I have done a whole bunch of interviews in the last few weeks on content marketing questions.
And since I believe one of the best content marketing hacks is to turn your most frequently asked questions into helpful pieces of information for your audience, I am going to try and demonstrate that approach in this next series of posts.
Here are my best answers to 16 content marketing questions I received from a partner. I hope this helps answer one of yours, or your bosses.
How and when did you get started with content marketing?
I think I was doing content marketing before we were using the term. After a 10-year stint with The Nielsen Company in sales and marketing roles, I became head of marketing for two consecutive startups. I had very little budget and no team. So how do you create a marketing strategy with no budget? Content marketing. [Click to Tweet]
I researched keywords, I interviewed customers, analysts and influencers in our space and basically created a corporate website that looked more like a blog. We led with customer questions and our best answers. I didn’t know at the time this was what we now call “content marketing” but I know it worked!
What’s the simplest way you can explain content marketing?
Content marketing is the gap between what brands produce and their audience actually wants. Content marketing is the commitment to become the leading destination of helpful insights for your audience by answering their top questions.
Is content marketing for everyone?
I think if I were a direct response marketer, I maybe don’t need content marketing as much as products where customers do a lot of research. That’s why financial service firms were early in content marketing: there’s a huge need for information in the customer journey. But even for direct response businesses, I would think you would want to educate your consumers early in the buying journey.
What’s the difference between B to B and B to C Content Marketing?
There is no difference really. We’re all people. Buildings don’t buy stuff. People do. The obvious difference is in the amount of complexity and information required and people involved in B2B. But the process to deliver that information in the form of content marketing is generally the same.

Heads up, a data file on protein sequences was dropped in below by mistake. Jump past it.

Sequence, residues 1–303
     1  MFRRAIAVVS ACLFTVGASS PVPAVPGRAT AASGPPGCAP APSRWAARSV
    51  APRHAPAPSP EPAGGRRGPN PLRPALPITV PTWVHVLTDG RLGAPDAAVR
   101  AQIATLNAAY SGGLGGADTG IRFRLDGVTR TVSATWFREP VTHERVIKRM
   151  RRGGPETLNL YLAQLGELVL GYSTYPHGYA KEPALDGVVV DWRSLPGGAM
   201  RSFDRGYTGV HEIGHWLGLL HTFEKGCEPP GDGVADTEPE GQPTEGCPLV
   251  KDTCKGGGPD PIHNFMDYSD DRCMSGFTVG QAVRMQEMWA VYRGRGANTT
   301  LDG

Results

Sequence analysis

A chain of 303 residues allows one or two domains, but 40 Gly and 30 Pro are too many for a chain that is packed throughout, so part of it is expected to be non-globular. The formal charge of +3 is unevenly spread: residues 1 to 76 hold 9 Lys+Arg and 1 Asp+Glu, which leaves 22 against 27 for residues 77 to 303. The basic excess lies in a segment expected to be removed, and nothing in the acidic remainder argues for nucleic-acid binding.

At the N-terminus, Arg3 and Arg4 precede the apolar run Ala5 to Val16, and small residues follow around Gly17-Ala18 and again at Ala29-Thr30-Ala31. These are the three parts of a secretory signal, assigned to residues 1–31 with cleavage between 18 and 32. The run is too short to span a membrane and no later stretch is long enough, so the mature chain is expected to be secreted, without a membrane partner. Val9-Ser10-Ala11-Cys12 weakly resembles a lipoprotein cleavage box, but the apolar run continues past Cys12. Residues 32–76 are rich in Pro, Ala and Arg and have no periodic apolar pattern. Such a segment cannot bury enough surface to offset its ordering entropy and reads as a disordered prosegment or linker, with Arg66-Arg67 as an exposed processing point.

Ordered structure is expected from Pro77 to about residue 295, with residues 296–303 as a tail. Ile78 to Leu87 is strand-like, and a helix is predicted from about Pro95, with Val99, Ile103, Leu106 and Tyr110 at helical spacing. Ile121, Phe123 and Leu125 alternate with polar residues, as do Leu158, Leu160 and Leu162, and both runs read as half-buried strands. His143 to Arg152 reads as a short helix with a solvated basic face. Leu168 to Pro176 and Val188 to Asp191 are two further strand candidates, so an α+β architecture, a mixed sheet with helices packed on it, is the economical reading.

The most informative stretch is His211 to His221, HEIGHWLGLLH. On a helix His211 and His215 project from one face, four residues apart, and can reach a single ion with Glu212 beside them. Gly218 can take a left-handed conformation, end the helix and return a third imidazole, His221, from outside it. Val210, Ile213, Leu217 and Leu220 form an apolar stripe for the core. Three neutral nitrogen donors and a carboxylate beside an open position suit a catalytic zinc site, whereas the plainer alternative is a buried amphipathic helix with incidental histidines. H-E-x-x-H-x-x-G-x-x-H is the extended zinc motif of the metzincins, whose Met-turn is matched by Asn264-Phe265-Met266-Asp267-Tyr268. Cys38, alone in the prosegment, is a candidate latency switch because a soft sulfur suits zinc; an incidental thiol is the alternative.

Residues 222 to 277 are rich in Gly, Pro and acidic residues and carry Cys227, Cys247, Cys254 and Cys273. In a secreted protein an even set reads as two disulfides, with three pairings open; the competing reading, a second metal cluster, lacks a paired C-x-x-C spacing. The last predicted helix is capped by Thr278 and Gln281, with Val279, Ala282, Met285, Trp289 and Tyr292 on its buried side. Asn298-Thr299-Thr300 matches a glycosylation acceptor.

How would you recommend B to C brands commence their content marketing journey?
Start with asking why your business exists. For example, food companies exist to feed people. Start with that basic purpose and then build your content marketing efforts from there.
Is content marketing a big name brand game exclusively? Can the small business with minimal budget play?
Content marketing might be even more important for small businesses. As I mentioned in my own career, when you have a small budget and a marketing department of one, you aren’t going to buy TV ads. You do content marketing. You become a source of information in your category and you can gain your fair share of the market.
Do you believe there are certain product categories that benefit more from content marketing?
Yes, some product categories require more information. Technology, healthcare, financial services. Maybe even travel, automotive and others. We only buy these things after doing a lot of research. Content marketing can really help the brands in these categories.
What does a basic content marketing strategy include?
A basic content marketing strategy includes a gap analysis (where you are vs where you want to be), a mission statement or objective, an editorial strategy, budget allocation against technology, content and distribution, a team accountable to getting it done, and a measurement framework.
How can publishers help marketers plan and execute their content marketing strategy?
Publishers know how to create great content. Brands should be partnering with their top media partners to sponsor and syndicate high quality publisher content and then using the publisher to help distribute high-quality, brand-produced content.
I’m not talking about ads. I’m talking about the brand and the publisher co-creating journalistic quality content that meets the needs of the reader. [Tweet This!] And then properly disclosing who paid to create it.